To keep juveniles behind bars for life, Brauchler abandons rule of law
Last Tuesday, I had the honor of representing a convicted felony murderer before the Colorado Supreme Court. He is guilty as charged, and an innocent man is dead. But there is so much more to the story.
In 1995, Curtis Brooks, a 15-year-old new to the Denver area and left homeless by a drug-addicted mother, did the worst thing of his life; he did not intend to and did not personally kill anyone, but he joined a robbery that led to a “felony murder” conviction. Sentenced to life without parole, our system unconstitutionally told this teenager he would die in prison.
Curtis refused to give up hope. He grew into a model adult who has learned foreign languages and is taking college courses. He has earned the support of everyone who has gotten to know him including: a juror who convicted him, the investigating detective, and the original sentencing judge. His leading advocate is his former elementary school principal who now is a Maryland state senator.
Under a 2016 Colorado law passed after the U.S. Supreme Court invalidated juvenile mandatory life without parole sentences, juvenile offenders like Curtis now are eligible to be sen- tenced a maximum of 30 to 50 years’ imprisonment if there are extraordinary mitigating circumstances. This law, harsher than many other states’ juvenile sentencing laws, is nothing special; it simply cures Colorado’s prior unconstitutional sentencing of juveniles.
Arapahoe County District Attorney George Brauchler, defying the Colorado General Assembly, is struggling to invalidate this curative Colorado law as “special” legislation under a rarely-applied provision of our 1876 state constitution. That misguided attack is ably refuted by briefs filed by legal scholars expert in that dusty old provision and by Denver District Attorney Beth Mccann and her senior chief deputy Bob Russel, who courageously have broken ranks with other prosecutors.
Where is Attorney General Cynthia Coffman, whose office must defend laws enacted by our legislature? She’s officially sitting this one out, even though the Brauchler attack would have pernicious effects on future Colorado laws that must be defended by the office that she holds and that Brauchler will seek in the November election.
This sorry episode is reminiscent of the Trump Justice Department. Attorney General Jeff Sessions, hoping to placate a boss angered by a special counsel investigation, is attacking rather than enforcing federal law: the Affordable Care Act (aka “Obamacare”). Some loved that law, others hated it, but the current Congress kept it alive with a weakened individual mandate. Unable to repeal and replace it despite a Republican-controlled Congress, the Trump Administration wants federal courts to strike down the legislative compromise.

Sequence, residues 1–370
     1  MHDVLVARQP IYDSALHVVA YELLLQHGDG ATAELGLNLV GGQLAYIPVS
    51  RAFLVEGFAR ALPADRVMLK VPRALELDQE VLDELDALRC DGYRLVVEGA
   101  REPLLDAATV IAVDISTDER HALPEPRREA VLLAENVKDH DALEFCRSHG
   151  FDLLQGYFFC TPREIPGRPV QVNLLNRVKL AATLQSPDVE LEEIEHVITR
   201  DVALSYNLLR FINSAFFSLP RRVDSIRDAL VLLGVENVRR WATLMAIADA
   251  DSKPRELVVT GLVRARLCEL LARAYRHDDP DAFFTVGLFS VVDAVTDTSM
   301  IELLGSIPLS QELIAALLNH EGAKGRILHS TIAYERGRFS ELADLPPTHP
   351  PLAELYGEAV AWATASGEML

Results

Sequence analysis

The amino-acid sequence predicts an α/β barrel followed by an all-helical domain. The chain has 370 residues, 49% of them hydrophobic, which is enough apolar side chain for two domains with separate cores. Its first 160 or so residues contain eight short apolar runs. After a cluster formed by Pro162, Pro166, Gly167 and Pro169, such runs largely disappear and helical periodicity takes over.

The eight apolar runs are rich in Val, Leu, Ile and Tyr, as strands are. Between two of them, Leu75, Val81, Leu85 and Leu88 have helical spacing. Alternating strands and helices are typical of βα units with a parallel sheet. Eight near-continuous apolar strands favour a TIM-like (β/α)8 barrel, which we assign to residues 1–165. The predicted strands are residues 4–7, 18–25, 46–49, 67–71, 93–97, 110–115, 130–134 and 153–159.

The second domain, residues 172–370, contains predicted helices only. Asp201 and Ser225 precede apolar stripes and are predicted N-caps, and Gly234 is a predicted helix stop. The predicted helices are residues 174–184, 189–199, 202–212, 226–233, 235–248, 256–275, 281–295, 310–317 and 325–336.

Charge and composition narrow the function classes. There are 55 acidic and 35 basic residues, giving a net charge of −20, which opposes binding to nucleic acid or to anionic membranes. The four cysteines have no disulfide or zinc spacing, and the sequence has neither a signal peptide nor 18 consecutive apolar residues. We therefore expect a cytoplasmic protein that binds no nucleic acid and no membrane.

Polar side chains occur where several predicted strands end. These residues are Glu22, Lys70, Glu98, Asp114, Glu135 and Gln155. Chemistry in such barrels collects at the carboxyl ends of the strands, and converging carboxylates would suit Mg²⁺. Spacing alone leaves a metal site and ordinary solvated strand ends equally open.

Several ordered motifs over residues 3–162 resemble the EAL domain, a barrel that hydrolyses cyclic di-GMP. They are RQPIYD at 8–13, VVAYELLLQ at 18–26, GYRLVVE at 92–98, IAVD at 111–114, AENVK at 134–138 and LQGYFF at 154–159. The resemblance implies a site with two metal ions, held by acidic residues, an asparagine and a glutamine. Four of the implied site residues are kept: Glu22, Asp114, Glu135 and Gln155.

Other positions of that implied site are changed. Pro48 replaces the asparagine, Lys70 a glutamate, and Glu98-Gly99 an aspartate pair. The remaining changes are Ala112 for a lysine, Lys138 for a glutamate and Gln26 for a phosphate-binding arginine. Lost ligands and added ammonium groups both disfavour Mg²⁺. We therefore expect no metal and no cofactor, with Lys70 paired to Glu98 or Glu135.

Like their Trump Administration counterparts, the Brauchler/coffman team elevated their preferred policies over the rule of law. Rather than perform the executive duties assigned to their offices, those two officials decided they knew better than Colorado’s General Assembly.
A pre-trump precedent for the executive branch attacking rather than defending enacted laws is the Obama Administration’s constitutional challenge to the so-called Defense of Marriage Act. That challenge engendered conservative outcry — how dare an attorney general not defend a law! — and even thoughtful observers acknowledged the competing concerns. But there, unlike here, fundamental constitutional rights were at stake.
The prosecution attack on Colorado juvenile sentencing law and the Justice Department attack on federal health care law are unjustifiable because they raise no transcendent principles of fundamental constitutional law. Rather, they raise abstruse arguments for overturning a law that executive branch officials wish had not been enacted.
Curtis Brooks is in his third decade of serving an unconstitutional sentence while prosecutors attack a curative Colorado law. Otherwise, he already would have been resentenced by recently-promoted judge-now-justice Carlos Samour.
The Colorado Supreme Court should uphold the Colorado juvenile sentencing reforms. And Colorado’s chief executive, Gov. John Hickenlooper, has under consideration a well-deserved clemency petition that could result in Curtis’s release. While justice is being delayed, it should not ultimately be denied to Curtis.
Even so, our system is harmed by executive branch officials who do not enforce our laws. Those who occupy or seek the office of attorney general should put the rule of law above their own policy preferences.
Sean Connelly, a former U.S. Justice Department attorney and judge on the Colorado Court of Appeals, is in private practice in Denver.